Often times, Americans tend to associate mosquito borne diseases and dangerous mosquito bites with far away lands and other parts of the world. However, this wishful thinking can prove to be dangerous, as the United States, and Houston in particular, is home to many different mosquito species which can transmit life threatening diseases through their infectious bites. According to a report released by the Centers for Disease Control and Prevention, or C.D.C, the number of humans infected with dangerous diseases by way of ticks, fleas and mosquito bites has tripled since 2004. This particular report outlined the recent rise in well-known diseases caused by mosquito bites and also detailed nine new disease causing microorganisms spread by tick and mosquito bites that have been found or introduced to the United States in the past 15 years. It is worth noting that between these two disease carrying insects, mosquito induced epidemics happen more frequently. Houston’s proximity to the Gulf Coast and its humid subtropical climate offers an ideal environment for mosquitos, thus increasing the risk for these dangerous diseases spread by mosquito bites. With Houston placing in the top twenty percent of states most affected by mosquito borne disease, these facts should be true cause for concern for Houstonians and Texans in surrounding areas.
Mosquito season in Houston begins in late February, as the weather begins to warm up and humidity starts to rise. By April, mosquito season is in full swing and the risks of being bitten by an infected mosquito becomes greater. In order to avoid these dangerous illnesses that are spread by mosquito bites, it is important to know which of these diseases you can contract in Houston, how you can prevent being bitten by mosquitos in the first place as well as the risks of mosquito bites in various travel destinations abroad.
Although there are many different types of mosquito borne illnesses worldwide that affect nearly 700 million people annually resulting in over one million deaths, Houston is home to a particular set of these diseases that can pose a risk to you and your family. The most common diseases spread by mosquito bites in Houston are West Nile Virus, Zika Virus, Dengue Fever and Chikungunya Virus. The dangers and risks of each of these illnesses vary, however it is still crucial to know the signs and symptoms of these diseases and prevention of each.
Originally discovered in the West Nile District of Uganda in 1937, West Nile Virus then spread across Africa, Asia, the Middle East and Europe. In 1999, West Nile Virus was first reported in the United States in Queens, New York and has since spread throughout North America, Central America and the Caribbean. Although it is not known for certain, experts believe that West Nile Virus was brought to the United States by an infected mosquito that may have hitched a ride on a cargo ship or plane. Others speculate that the virus was brought to America by an infected bird. However, this theory is said to be unlikely, as bird infections will only last for a few days with the infection rendering its carrier too sick to fly such a long distance.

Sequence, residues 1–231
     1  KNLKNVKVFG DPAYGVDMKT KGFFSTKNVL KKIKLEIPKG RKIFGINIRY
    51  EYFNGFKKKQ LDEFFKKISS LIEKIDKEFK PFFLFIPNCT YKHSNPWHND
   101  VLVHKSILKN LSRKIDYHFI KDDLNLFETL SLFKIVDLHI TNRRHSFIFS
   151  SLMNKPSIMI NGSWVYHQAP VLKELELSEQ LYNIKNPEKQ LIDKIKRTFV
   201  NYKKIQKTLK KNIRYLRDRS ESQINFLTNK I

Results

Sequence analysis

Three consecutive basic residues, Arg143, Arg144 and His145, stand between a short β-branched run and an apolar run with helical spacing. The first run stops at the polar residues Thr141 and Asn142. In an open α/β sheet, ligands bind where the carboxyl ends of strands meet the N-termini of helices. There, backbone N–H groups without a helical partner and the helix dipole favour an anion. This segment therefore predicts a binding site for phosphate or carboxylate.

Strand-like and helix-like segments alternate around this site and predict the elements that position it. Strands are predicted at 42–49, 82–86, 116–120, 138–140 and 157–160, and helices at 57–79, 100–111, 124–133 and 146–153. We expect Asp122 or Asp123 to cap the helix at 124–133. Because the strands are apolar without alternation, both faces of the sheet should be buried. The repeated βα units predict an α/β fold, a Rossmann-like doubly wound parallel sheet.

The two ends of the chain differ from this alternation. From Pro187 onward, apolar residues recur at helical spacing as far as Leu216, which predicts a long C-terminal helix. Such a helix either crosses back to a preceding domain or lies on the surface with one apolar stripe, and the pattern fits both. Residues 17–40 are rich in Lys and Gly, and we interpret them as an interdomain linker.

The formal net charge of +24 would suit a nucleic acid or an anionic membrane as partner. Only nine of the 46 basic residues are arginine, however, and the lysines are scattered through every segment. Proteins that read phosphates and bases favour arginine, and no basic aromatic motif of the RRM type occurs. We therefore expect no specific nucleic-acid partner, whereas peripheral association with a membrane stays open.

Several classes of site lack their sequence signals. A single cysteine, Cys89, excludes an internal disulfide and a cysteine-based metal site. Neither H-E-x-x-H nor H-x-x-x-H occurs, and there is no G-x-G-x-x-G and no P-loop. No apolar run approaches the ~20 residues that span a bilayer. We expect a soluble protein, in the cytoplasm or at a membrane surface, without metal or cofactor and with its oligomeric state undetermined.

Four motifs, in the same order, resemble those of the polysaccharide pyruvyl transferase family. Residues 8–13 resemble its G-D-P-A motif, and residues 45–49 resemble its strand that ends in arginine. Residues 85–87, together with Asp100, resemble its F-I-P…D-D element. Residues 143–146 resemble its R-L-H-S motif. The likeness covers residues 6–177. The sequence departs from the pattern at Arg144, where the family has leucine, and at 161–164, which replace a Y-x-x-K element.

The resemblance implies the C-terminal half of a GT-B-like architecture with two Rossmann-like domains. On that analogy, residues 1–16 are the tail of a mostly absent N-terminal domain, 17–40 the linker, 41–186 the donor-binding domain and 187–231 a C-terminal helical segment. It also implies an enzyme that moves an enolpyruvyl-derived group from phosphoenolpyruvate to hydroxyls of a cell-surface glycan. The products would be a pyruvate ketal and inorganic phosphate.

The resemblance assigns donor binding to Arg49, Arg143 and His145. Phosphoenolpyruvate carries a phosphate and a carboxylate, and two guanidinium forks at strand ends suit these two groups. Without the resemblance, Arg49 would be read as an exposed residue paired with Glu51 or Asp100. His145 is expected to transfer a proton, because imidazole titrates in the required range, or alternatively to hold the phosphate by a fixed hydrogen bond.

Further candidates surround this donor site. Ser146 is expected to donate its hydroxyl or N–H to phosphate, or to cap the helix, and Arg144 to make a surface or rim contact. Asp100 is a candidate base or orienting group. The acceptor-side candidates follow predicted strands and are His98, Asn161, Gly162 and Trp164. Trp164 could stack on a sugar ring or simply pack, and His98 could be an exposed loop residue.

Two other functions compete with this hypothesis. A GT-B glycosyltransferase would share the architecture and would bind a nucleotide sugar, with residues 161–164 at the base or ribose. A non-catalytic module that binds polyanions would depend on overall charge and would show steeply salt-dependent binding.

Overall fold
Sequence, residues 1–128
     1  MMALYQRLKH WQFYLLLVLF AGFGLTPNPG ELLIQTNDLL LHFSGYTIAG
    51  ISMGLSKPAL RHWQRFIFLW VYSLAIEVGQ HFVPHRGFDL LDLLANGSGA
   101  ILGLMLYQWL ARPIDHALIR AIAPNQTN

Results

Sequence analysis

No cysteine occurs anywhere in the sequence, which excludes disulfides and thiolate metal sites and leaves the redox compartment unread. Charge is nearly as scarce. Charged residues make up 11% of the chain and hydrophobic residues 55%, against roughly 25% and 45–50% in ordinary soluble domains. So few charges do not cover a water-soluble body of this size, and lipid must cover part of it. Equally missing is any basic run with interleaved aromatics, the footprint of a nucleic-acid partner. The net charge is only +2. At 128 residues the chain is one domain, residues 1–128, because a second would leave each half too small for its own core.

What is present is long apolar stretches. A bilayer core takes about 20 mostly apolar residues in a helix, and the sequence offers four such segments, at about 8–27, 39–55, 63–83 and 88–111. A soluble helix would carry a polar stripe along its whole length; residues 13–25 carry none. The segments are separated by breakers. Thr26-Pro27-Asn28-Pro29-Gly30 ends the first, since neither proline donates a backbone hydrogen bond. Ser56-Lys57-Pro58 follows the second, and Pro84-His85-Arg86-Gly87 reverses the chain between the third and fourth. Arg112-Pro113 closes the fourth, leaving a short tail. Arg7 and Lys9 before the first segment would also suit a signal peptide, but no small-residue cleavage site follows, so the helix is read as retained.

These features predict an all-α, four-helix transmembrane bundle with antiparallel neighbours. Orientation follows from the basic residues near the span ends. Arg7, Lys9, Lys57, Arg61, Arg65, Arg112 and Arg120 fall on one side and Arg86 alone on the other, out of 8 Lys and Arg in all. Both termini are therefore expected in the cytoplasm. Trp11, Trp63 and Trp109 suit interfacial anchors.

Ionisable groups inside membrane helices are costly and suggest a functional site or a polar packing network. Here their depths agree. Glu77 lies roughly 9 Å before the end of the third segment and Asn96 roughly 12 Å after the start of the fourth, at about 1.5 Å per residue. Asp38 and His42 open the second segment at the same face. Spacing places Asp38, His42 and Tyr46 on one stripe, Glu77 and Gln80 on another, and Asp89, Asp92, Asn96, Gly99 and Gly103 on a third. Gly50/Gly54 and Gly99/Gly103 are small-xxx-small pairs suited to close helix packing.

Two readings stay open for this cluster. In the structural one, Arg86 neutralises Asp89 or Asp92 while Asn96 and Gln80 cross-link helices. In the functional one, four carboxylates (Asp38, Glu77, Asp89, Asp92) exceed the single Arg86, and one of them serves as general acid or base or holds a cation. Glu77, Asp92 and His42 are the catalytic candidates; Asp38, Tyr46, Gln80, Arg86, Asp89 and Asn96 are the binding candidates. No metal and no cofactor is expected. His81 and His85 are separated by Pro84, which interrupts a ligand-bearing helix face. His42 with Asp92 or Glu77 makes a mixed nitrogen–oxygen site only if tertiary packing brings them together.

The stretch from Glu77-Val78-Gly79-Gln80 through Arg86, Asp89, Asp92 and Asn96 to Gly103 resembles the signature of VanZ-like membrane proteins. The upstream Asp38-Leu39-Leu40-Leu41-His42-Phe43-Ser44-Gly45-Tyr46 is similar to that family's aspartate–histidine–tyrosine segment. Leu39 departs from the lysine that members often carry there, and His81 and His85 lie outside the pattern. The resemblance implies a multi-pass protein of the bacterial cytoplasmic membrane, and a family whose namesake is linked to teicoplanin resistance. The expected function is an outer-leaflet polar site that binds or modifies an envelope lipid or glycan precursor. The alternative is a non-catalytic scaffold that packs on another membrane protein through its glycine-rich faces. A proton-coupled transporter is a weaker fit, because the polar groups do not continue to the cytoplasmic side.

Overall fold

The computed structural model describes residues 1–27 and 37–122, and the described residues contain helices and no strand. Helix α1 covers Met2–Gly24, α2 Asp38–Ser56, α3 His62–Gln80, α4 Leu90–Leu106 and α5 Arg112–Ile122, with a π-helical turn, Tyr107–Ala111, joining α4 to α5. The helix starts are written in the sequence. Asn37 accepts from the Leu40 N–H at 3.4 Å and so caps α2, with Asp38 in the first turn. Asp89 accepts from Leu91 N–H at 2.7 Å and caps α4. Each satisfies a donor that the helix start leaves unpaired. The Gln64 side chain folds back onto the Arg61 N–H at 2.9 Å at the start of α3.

West Nile Virus is the number one cause of mosquito borne illness in the continental United States. This virus is most commonly transmitted from person to person by way of infectious mosquito bites during peak mosquito season. However, it is possible to contract West Nile Virus in Texas year round. In humans, the incubation time for West Nile Virus can range from two to fourteen days. Approximately eighty-percent of people who become infected with West Nile Virus will not become sick, while twenty percent of infected people will develop a mild form of West Nile Fever, the resulting illness of West Nile Virus. The symptoms of West Nile Fever include headache, body aches, fever and in some cases, swollen lymph glands and a skin rash on the midsection of the body. These symptoms may last only a few days.
While the majority of people who are infected by West Nile Virus only show signs of mild disease, others are not so lucky. West Nile Virus can also cause a more severe disease, also known as West Nile Neuroinvasive disease, which affects the brain and spinal cord. It is estimated that one out of every 150 people infected by West Nile Virus will develop this more severe version of the disease. Undoubtedly, the health risks and implications are much greater if West Nile Virus develops into West Nile Neuroinvasive disease, as the infected person may fall victim to West Nile Encephalitis or Meningitis. The symptoms of these diseases are far more severe than mild cases and include high fever, headache, neck stiffness, disorientation, tremors, muscle weakness, convulsions, coma and paralysis. These symptoms can last from weeks to months and sadly, some neurological symptoms can be permanent. In rare cases, death may occur. Although this severe form of West Nile Virus can affect virtually anyone, those who are over 50 years old or who have weakened immune systems are at the most risk. Currently, there are no known treatments or vaccinations for West Nile Virus in humans. Experts recommend that the prevention of mosquito bites is the best protection against West Nile Virus.